Way back in 2003, the UUA’s Board acknowledged that they were then already overdue with such a review. The Board Meeting Notes from the January 17-19, 2003, meeting say:

The bylaws call for a review of the Purposes and Principles (which were adopted in 1984) every 15 years, so we are three years overdue and the Board will consider ways of carrying this forward. [Link]

So why is Mr. Crankypants rubbing his hands with glee?

First, this is a classic case of the Board and the membership of an organization not living up to the organization’s bylaws. Whenever such a situation occurs, Fingers of Blame can be pointed, and then everyone possible will duck taking responsibility. Now really in this case, the Finger of Blame can only be pointed at the member congregations of the UUA which either don’t send delegates to the annual General Assembly; or which, for the most part, send delegates who less concerned with doing the business of the Association than they are in attending a five-day party and convention. As Fingers of Blame get pointed, Mr. Crankypants is really hoping someone will come right out and speak the truth, which is:

“Yeah, I’m responsible, but so are you! Where were you and your Finger of Blame six years ago? Where were you when General Assembly spent hours and hours on irrelevant discussions about political issues, and Actions of Immediate Witness that have no relevancy to our bylaws or our member congregations?”

Secondly, Mr. Crankypants is pleased by the faint possibility that the hated Article II, Section C-2.1, a.k.a. “the seven principles,” will be overhauled. The “seven principles” are puerile, self-centered, and above all they are not theological. (Even my stupid namby-pamby alter ego, Dan, has preached and written several times about how he thinks the “seven principles” are wishy-washy.) It’s time to revise them substantially.

Realistically, of course, the “seven principles” won’t be altered because they have taken on the status of a beloved creed among many Unitarian Universalists. So Mr. Crankypants will set his sights lower. How about altering Article II, Section C-2.4 to read as follows:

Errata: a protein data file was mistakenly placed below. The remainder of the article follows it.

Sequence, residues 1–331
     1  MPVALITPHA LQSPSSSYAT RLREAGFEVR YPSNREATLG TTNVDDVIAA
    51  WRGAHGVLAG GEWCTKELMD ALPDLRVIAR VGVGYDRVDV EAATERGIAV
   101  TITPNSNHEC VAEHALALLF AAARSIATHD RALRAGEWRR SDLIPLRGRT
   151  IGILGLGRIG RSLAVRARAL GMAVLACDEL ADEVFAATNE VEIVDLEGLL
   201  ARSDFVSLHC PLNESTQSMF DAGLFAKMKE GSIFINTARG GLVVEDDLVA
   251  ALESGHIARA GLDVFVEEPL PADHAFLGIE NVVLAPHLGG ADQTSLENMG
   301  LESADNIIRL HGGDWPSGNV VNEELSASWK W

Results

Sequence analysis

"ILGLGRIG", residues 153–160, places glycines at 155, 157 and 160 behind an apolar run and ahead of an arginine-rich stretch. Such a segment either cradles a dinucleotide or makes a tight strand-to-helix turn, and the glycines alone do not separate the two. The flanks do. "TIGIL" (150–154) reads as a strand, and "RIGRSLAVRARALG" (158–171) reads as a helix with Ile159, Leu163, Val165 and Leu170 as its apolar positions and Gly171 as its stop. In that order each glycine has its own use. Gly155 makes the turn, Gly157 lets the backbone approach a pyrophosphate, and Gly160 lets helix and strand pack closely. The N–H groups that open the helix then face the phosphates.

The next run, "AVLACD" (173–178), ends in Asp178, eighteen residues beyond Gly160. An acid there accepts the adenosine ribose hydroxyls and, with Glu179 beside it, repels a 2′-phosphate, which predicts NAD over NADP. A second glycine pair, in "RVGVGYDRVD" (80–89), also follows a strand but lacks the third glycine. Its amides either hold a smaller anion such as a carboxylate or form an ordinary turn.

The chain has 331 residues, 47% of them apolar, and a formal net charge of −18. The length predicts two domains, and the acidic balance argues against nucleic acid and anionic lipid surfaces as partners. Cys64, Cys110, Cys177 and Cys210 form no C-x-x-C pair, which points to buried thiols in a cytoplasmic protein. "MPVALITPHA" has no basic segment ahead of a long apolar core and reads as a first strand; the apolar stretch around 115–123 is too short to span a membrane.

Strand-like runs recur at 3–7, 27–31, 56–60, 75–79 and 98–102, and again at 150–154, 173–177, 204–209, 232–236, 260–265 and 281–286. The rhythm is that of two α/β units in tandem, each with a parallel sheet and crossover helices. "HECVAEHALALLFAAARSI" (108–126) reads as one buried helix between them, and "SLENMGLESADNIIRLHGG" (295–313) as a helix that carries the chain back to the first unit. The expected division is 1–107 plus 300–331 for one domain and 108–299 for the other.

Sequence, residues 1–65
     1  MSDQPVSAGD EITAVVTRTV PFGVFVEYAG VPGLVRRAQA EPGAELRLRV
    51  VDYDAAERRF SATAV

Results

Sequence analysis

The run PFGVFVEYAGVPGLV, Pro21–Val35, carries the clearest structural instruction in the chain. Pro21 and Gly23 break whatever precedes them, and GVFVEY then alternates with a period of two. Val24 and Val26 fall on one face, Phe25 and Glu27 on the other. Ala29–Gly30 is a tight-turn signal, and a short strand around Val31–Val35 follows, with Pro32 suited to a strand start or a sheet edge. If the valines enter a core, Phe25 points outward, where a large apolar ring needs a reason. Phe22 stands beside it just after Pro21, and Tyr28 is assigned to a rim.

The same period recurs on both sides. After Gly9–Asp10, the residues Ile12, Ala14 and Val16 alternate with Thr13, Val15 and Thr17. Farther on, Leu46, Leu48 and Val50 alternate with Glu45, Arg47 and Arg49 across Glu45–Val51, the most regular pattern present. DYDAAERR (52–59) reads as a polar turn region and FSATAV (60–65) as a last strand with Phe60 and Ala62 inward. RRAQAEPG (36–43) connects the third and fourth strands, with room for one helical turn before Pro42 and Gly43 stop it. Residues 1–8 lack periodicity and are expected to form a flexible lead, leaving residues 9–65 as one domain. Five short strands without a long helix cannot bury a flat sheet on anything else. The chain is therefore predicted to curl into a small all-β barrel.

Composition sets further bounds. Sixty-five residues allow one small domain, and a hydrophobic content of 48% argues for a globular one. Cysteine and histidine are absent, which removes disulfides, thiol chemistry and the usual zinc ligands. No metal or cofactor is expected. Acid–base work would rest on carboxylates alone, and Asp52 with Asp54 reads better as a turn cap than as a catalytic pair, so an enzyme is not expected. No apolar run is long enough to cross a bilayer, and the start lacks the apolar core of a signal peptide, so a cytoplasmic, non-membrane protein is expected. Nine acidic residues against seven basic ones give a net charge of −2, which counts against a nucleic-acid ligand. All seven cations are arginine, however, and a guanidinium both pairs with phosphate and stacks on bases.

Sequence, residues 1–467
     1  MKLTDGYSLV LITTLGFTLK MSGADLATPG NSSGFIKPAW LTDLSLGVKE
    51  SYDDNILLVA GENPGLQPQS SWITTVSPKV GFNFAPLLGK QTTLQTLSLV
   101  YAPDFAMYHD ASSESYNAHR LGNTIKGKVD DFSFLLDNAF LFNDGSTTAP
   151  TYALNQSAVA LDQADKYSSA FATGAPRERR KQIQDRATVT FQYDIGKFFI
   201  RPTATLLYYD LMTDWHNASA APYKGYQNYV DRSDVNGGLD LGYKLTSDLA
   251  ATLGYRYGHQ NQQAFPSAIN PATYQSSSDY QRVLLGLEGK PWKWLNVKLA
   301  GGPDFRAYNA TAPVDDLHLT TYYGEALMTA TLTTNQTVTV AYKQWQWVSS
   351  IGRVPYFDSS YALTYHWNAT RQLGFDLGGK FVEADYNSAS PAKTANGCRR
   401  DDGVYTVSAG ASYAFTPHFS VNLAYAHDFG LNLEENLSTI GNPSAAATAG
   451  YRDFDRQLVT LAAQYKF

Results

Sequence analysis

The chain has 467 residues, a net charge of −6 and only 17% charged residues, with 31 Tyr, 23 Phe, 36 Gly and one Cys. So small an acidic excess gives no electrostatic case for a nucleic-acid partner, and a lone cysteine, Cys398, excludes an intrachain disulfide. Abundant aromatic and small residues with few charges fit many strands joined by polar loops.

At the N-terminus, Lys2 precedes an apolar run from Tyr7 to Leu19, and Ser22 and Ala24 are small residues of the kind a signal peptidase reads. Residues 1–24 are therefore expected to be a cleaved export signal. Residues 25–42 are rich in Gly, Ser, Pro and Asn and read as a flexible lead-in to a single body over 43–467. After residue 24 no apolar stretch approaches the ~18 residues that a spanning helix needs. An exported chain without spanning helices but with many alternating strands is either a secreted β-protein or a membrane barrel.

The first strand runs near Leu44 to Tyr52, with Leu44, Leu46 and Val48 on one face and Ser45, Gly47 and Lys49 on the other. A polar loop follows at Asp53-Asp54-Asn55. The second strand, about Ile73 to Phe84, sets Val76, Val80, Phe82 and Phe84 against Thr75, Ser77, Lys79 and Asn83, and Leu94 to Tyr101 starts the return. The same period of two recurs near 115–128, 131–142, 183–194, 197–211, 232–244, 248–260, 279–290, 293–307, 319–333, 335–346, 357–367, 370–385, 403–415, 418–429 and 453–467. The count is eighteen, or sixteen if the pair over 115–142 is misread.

Nothing herein shall be deemed to infringe upon the individual freedom of belief which is inherent in the Universalist and Unitarian heritages or to conflict with any statement of purpose, covenant, or bond of union used by any congregation unless such is used as a creedal test. [Then add:] Nor shall any congregation require anyone under the age of 18 years to memorize any part of this article. Furthermore, wherever the whole or any portion of this article shall be reproduced in print, in speech, or in any electronic medium, it shall appear with the following disclaimer: “This represents an excerpt from the bylaws of the Unitarian Universalist Association, and shall not be considered a theological statement.”

If only Mr. Crankypant’s home church, First Universalist on the Beach, would allow him to become a delegate to General Assembly so he could propose such an amendment. But alas, his church dislikes his habit of speaking in the third person, and refuses to let him take on any leadership position.


If you’re a bylaws geek like Mr. Crankypants, you’ll want to read the following:

Article XV of the UUA Bylaws, Section C-15.1.

Article II — Section C-2.1 PrinciplesSection C-2.2 PurposesSection C-2.3 Non-discriminationSection C-2.4 Freedom of beliefRule G2.1 Democratic Process

Text of announcement of review of principles to the UUA email list (scroll down to second announcement on this page)

Setting goals for Guerilla Marketing in churches

I’ve been adapting sections of Jay Conrad Levinson’s Guerilla Marketing Excellence to church marketing. Part 1 of the series has a general introduction to Guerilla Marketing Link Part 2 talks about the “designated guerilla” Link.

This essay is about setting goals for your marketing efforts, but does not derive from Levinson’s work — it comes out of my own experience as a salesman.

When I was in sales, we all had sales goals. If you grossed a million dollars this year, next year your goal would be for 1.1 million. If your net was 25%, you’d try to raise it a couple of percentage points. Why did we have sales goals? Two reasons: (1) so the sales manager had something to talk with us about during our annual review; (2) to raise our commissions, because commissions were based on a formula using gross and net sales.